Higher Education Webinars
In which a veteran of cultural studies seminars in the 1990s moves into academic administration and finds himself a married suburban father of two. Foucault, plus lawn care.
February 25, 2010 - 9:36pm
This story in IHE came along at the right moment. My state is apparently considering an early retirement program for certain kinds of public employees, which may wind up including many of the people who work at the college. Naturally, the rumor mill is aflutter. (I'm not sure if mills can flutter, but you get the idea.)
February 25, 2010 - 4:32am
A brave-or-foolhardy correspondent writes:
February 23, 2010 - 10:35pm
Every so often, I'll hear some longtime employees complain that the newer cohort (of which they still consider me a part) doesn't care about the college like they did. The last time I heard this line, I asked what they meant; what made them think we didn't care? I wasn't expecting the answer I got: "Everybody used to go out drinking together after work. Nobody does that anymore."Well, okay. It's true that we don't now; it may be true that they did once. But what the hell does that have to do with dedication to the college?
February 22, 2010 - 9:25pm
In a conversation last week with a big muckety-muck, I realized that there are two fundamentally different, and largely opposed, understandings of outcomes assessment in play. Which definition you accept will color your expectations.
February 21, 2010 - 9:06pm
I've come up with a one-question quiz to determine whether your workplace is toxic. 1. When Smith attacks Jones in public in dirty, ad hominem, and generally unprofessional ways, and Jones responds by taking the high road, what happens?a. Jones would never take the high road. Nobody ever does. It's on!b. Jones takes the high road out of town.c. Jones is viewed as the loser, since the high road is interpreted as weakness.d. Onlookers divide into warring camps, and others do the dirty work for Jones.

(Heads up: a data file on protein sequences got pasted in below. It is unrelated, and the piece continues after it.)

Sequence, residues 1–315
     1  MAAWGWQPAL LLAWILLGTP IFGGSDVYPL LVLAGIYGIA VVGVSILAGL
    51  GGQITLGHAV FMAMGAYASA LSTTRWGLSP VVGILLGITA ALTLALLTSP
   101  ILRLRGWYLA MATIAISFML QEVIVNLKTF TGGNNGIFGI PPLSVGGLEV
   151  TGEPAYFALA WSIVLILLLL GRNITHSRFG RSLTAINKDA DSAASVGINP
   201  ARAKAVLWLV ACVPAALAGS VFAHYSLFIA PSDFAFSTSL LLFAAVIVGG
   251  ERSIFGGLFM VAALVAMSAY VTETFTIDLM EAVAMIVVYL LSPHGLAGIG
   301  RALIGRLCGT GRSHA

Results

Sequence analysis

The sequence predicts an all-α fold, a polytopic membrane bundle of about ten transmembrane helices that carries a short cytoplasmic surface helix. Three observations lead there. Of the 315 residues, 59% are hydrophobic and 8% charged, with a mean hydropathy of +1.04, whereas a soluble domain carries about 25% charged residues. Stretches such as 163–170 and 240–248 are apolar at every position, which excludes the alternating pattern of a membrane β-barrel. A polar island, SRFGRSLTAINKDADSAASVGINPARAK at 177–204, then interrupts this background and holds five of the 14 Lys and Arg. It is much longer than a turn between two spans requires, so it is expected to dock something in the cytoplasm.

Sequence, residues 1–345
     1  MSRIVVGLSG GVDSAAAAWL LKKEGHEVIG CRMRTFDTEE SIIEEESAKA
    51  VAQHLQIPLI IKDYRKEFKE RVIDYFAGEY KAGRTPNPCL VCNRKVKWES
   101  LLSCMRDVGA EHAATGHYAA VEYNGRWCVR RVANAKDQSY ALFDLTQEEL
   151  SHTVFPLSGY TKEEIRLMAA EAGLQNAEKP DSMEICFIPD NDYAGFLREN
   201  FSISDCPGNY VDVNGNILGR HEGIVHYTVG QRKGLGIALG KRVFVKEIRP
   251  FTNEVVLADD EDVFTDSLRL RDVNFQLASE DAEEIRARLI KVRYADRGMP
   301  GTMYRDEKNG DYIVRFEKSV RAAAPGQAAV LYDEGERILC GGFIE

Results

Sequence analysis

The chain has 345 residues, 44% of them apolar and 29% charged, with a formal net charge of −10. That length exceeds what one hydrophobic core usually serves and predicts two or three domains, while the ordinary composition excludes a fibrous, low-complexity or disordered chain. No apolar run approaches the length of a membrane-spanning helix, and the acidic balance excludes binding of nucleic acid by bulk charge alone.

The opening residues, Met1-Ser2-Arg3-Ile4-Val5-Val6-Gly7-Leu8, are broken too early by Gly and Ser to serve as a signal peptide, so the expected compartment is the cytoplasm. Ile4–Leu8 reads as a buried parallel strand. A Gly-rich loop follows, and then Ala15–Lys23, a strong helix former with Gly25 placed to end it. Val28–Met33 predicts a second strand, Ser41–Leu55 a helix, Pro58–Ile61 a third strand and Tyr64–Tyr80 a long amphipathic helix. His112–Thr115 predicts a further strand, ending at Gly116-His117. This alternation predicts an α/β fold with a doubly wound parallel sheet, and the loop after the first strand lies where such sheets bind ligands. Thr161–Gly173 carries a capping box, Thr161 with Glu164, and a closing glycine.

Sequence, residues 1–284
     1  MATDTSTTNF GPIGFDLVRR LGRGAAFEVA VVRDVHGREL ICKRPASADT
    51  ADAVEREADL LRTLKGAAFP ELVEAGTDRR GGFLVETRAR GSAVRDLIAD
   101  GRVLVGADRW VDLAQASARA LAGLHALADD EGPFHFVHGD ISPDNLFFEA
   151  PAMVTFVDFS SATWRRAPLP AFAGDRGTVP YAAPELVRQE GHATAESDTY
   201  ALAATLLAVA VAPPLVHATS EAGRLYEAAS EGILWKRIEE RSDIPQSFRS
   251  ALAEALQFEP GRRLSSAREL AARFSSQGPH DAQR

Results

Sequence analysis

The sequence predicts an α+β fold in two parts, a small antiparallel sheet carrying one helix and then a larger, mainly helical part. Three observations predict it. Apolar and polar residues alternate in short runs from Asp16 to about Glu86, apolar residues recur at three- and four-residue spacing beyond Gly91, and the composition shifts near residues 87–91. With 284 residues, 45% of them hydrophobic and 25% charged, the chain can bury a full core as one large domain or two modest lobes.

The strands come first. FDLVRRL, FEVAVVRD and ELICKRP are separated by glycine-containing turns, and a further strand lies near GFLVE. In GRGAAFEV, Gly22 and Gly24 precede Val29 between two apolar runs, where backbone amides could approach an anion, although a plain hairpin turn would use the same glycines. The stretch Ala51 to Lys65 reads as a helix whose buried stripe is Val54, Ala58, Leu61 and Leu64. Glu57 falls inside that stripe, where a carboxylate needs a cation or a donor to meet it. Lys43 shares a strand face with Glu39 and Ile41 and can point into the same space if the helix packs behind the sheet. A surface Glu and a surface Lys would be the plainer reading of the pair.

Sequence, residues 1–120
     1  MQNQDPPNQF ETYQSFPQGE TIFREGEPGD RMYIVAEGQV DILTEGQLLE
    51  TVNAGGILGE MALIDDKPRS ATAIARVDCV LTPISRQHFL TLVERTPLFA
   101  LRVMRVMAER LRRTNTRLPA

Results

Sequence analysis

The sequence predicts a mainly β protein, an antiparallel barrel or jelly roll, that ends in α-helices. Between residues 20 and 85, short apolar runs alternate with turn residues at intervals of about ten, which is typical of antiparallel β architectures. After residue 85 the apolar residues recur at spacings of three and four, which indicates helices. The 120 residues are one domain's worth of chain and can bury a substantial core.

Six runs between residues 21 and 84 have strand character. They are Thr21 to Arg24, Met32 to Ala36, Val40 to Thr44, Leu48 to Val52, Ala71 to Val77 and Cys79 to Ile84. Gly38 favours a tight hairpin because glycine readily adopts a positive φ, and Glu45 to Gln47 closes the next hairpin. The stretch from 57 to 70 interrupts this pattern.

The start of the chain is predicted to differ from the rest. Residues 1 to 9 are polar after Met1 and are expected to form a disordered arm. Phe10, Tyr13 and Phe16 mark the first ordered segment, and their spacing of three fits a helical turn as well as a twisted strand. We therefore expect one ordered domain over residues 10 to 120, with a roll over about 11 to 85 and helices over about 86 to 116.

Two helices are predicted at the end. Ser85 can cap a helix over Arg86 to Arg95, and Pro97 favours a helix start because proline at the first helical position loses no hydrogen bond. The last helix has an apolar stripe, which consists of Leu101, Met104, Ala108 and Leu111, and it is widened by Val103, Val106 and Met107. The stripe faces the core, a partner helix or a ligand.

February 18, 2010 - 10:13pm
I've been following the Bill Reader case with interest for the last few weeks. (For the record, I don't know him, and I don't know anyone at Ohio University.) I read it differently than most folks in internet-land. The question of the proper weight to give to considerations of 'collegiality' in tenure deliberations is a thorny one, and not where I'll focus here. I'll just note that one person's strategic vitriol is another person's hostile work environment, and that administrators who don't keep an eye out for the latter aren't doing their jobs.
February 17, 2010 - 9:48pm
It may seem weird for me to ask this now, after all these years, but how does your college allocate positions? I've seen it done in a few ways, and I have my own preference, but I've never actually seen alternatives spelled out systematically.The most common way that I've seen has been as a sort of spoils system for gladiatorial combat among administrators. Each dean curries favor with the VP over time, and when hiring time rolls around, positions are allocated in rough proportion to the political standing of the deans.
February 17, 2010 - 5:21am
Last night I took The Girl to the local Father-Daughter dance, which is a big event for girls here in the K-5 set. TG was soooo excited to go. Her dress looked like the chocolate-strawberry-vanilla ice cream cartons, with bands of white, pink, and brown. We took a bunch of pictures at home before heading out, so the Grandmas will have pictures of TG in her finest.TW took The Boy to see the new Percy Jackson movie. Fair is fair. He gave the movie the thumbs-up.
February 15, 2010 - 9:30pm
I know I'm supposed to believe that standardization, state or national rules, or anything beyond local control is of the devil, a corporate conspiracy, and of a piece with water fluoridation and the metric system on the list of communist conspiracies against our way of life. I get that. But I'm still at a loss to explain why we leave some really fundamental decisions in the K-12 system to local control.
February 14, 2010 - 9:24pm
Every time I hear about a shooting on a college campus, I wince. This one was especially surprising, given that the (alleged) shooter was a professor and a woman. It seems that Amy Bishop, a professor in the biology department at the University of Alabama at Huntsville, opened fire at a department meeting, killing several colleagues and wounding several more. She has been taken into custody, and she will face murder charges.Although it's hard to know immediate causes, Prof. Bishop had recently been denied tenure, and this was to be her final semester at Alabama.
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